Brendan Fraser won best actor for his role in “The Whale,” making his career comeback in the role of a 600-pound man trying to make peace with his life as the clock runs out on it. The film, which also won the Oscar for makeup and hairstyling, created divisions among viewers, some of whom saw the film turning a human character into a special effect.

“I started in this business 30 years ago, and things—they didn’t come easily to me, but there was a facility that I didn’t appreciate at the time until it stopped,” Mr. Fraser said, thanking his teammates using whale-related metaphors for their kindness.

“I’m grateful to Darren Aronofsky for throwing the creative lifeline and hauling me aboard the good ship ‘The Whale,’” he said.

His win for “The Whale” was just one of the many awards the film studio A24 collected that night, taking home a grand total of nine awards. The studio garnered an award in every single acting category this year.

What Were the Biggest Surprises—and Most Memorable Jokes?

The snubs were notable: Steven Spielberg’s semi-autobiographical tale “The Fabelmans” didn’t win any awards; neither did Baz Luhrmann’s boisterous biopic “Elvis.” “The Banshees of Inisherin,” which was the second-most nominated film (in a tie with “All Quiet on the Western Front”) also ended the evening with no trophies.

The night ran with workmanlike smoothness. Last year’s Oscars will be remembered mostly for Will Smith’s leap to the stage to slap comedian Chris Rock. Sunday night, late-night host Jimmy Kimmel was brought on to host the awards ceremony, his third time overseeing the ceremony as host. At the start of the show, he plopped onto the stage of the 95th Academy Awards from a faux parachute to kick off the ceremony on an earnest note, celebrating a year in which audiences went back to the movies where they were “intended to be seen: in a theater.”

At the start of the show, host Jimmy Kimmel plopped onto the stage from a faux parachute.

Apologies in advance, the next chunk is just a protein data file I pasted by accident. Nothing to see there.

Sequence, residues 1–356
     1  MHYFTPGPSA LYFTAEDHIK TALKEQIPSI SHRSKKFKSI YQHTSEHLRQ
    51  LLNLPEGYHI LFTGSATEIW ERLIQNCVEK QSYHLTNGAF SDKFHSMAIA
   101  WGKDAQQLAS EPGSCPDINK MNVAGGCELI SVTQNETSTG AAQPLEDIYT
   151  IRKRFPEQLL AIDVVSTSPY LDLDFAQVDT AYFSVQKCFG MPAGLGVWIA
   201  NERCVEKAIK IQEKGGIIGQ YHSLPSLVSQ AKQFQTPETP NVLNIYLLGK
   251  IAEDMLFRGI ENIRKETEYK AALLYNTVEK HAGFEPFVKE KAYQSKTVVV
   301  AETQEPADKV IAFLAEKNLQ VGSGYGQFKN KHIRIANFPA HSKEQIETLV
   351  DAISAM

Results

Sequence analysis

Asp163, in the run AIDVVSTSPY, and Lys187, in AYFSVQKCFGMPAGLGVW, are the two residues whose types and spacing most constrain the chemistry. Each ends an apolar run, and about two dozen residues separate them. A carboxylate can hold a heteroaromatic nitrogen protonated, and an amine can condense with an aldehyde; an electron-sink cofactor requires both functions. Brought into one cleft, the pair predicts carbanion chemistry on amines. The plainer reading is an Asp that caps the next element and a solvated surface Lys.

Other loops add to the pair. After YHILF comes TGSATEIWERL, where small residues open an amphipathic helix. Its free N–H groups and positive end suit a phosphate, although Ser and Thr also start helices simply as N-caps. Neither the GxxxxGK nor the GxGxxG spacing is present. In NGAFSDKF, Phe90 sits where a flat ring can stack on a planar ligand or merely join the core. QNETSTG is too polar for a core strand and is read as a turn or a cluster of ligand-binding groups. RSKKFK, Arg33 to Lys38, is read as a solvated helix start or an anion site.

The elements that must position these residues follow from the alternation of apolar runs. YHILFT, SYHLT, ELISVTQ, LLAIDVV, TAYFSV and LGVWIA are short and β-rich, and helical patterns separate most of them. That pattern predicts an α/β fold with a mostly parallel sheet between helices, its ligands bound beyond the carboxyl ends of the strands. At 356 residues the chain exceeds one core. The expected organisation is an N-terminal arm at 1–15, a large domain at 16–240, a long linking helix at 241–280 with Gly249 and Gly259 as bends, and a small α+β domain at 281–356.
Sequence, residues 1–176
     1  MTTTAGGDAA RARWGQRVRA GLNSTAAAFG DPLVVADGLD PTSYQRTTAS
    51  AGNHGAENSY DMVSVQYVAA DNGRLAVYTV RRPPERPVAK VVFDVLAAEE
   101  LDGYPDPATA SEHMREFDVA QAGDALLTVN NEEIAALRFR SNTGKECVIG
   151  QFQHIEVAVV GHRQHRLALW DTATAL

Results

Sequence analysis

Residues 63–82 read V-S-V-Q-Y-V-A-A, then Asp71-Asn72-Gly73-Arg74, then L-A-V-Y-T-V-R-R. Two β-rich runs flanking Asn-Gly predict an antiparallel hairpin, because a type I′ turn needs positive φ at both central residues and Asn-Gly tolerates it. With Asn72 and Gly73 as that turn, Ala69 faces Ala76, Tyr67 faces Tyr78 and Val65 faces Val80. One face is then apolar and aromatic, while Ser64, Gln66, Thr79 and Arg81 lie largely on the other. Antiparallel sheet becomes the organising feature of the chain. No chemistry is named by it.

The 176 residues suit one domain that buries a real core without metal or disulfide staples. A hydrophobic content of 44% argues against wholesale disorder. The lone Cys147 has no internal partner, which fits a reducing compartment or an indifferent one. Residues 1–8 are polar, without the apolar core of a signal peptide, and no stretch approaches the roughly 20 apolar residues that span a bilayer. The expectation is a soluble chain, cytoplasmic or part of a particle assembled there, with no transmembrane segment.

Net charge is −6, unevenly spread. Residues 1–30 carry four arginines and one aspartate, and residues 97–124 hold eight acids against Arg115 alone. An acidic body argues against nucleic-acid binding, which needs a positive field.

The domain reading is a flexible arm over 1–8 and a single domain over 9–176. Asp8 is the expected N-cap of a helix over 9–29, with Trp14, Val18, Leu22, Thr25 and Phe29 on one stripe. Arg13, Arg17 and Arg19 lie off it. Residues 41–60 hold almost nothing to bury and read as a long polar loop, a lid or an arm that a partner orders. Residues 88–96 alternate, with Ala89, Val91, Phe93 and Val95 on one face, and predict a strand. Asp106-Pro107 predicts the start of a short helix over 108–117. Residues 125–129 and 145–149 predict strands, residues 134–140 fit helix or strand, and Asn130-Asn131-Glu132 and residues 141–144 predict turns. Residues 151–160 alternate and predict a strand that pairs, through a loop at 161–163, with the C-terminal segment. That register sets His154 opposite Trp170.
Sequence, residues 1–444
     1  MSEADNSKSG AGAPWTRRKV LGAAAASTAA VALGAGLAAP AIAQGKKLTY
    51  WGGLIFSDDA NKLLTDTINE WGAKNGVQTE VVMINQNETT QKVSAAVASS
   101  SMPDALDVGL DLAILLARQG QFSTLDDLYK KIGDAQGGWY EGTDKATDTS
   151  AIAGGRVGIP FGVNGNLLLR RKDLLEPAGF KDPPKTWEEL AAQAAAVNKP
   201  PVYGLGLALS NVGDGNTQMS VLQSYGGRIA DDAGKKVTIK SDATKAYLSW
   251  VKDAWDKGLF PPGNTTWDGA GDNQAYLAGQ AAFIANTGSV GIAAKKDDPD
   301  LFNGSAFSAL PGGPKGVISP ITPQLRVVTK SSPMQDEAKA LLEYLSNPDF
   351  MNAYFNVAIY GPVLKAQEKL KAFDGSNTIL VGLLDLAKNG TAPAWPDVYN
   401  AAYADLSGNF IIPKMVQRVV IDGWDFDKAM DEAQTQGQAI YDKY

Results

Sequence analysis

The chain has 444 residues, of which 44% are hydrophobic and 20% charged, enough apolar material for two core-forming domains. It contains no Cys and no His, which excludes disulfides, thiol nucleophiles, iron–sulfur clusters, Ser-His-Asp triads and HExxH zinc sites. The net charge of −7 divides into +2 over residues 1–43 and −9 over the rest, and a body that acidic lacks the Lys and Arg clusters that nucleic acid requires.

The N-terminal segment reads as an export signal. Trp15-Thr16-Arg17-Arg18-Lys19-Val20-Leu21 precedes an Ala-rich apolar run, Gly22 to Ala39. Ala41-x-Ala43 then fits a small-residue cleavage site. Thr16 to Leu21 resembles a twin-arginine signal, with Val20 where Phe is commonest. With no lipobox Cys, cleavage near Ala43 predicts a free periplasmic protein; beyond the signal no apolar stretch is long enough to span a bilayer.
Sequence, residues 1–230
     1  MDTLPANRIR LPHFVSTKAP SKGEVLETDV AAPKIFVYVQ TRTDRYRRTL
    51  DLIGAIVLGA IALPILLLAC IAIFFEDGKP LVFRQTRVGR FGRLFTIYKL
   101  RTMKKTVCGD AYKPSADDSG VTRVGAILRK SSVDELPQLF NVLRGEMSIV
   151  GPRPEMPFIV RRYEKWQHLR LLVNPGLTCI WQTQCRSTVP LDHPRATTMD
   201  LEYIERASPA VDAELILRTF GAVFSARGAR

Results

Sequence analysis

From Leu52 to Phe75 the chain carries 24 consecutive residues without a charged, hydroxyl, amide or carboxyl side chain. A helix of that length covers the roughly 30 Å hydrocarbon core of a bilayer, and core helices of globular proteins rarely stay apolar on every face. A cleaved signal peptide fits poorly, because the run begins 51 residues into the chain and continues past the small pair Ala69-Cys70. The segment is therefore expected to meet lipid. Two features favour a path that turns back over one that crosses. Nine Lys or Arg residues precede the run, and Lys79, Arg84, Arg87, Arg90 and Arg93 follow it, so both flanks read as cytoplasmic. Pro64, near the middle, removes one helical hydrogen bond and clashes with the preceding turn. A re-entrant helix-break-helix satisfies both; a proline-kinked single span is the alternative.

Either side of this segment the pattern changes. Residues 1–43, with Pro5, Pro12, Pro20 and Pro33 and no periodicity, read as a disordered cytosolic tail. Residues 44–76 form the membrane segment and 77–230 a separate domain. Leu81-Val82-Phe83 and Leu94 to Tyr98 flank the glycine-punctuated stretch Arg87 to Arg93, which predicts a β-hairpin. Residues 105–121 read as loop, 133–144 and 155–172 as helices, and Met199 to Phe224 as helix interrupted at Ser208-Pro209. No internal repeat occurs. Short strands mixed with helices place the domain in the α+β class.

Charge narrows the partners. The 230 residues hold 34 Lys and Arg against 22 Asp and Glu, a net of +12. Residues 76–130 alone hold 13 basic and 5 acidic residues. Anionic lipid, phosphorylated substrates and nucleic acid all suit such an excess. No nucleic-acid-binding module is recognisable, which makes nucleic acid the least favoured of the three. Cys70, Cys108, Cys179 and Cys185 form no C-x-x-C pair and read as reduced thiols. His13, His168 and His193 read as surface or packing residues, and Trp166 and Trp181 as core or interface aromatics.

After some gentle celebrity ribbing, however, he got to the “slap” jokes everyone was anticipating.

“We want you to feel safe,” Mr. Kimmel told the audience. “So if anyone in this theater commits an act of violence… you will be awarded the Oscar for best actor and allowed to give a 19-minute speech.” He then reeled off the names of the celebrities that stood in the way of him and any would-be assailants, including “Creed” lead Michael B. Jordan, “Everything Everywhere” martial-arts heroine Michelle Yeoh, Spider-Man (aka Andrew Garfield), the Mandalorian (Pedro Pascal) and Mr. Kimmel’s longtime late-night sidekick Guillermo Rodriguez.

How About Songs, Animation & Docs?

Best original song went to the rollicking number “Naatu Naatu” from India’s Telugu-language action movie “RRR.” The song was performed with gusto on the Oscars stage.

“Guillermo del Toro’s Pinocchio” won the Oscar for best animated feature. The victory is noteworthy in part because the film, which was produced by Netflix, represents Mr. del Toro, the film’s co-director, beating Disney with a story that is core to the company’s origins. Disney has also dominated the best animated feature category since it was first recognized by the Academy in 2001: 18 of the 21 winners have been produced or distributed by studios owned by Disney.

Rihanna performed her song from the ‘Black Panther: Wakanda Forever’ soundtrack, ‘Lift Me Up.’


“Navalny,” a documentary about Russian President Vladimir Putin’s biggest political foe Alexei Navalny, who is now in prison, won the award for best documentary. Director Daniel Roher’s Oscar moment was more urgent than celebratory. “He remains in solitary confinement for what he call’s Vladimir Putin’s unjust war of oppression in Ukraine,” he said. Mr. Navalny’s wife, Yulia, also sent a direct message to her husband: “I dream of the day when you will be free and our country will be free. Stay strong, my love.”

Did Rihanna Top Her Super Bowl Performance?

The pop superstar performed her song from the “Black Panther: Wakanda Forever” soundtrack “Lift Me Up,” one of only two solo songs that she’s released since her 2016 album “Anti.” For the performance, Rihanna was backed by strings and a choir and made dramatic flourishes throughout, clutching herself while singing the lyric, “Hold me” to a standing ovation.

“Wakanda Forever” also won for best costume design. It was the second win for the film’s costume designer, Ruth Carter, who also won the costume design award in 2019 for her work on the first “Black Panther” film.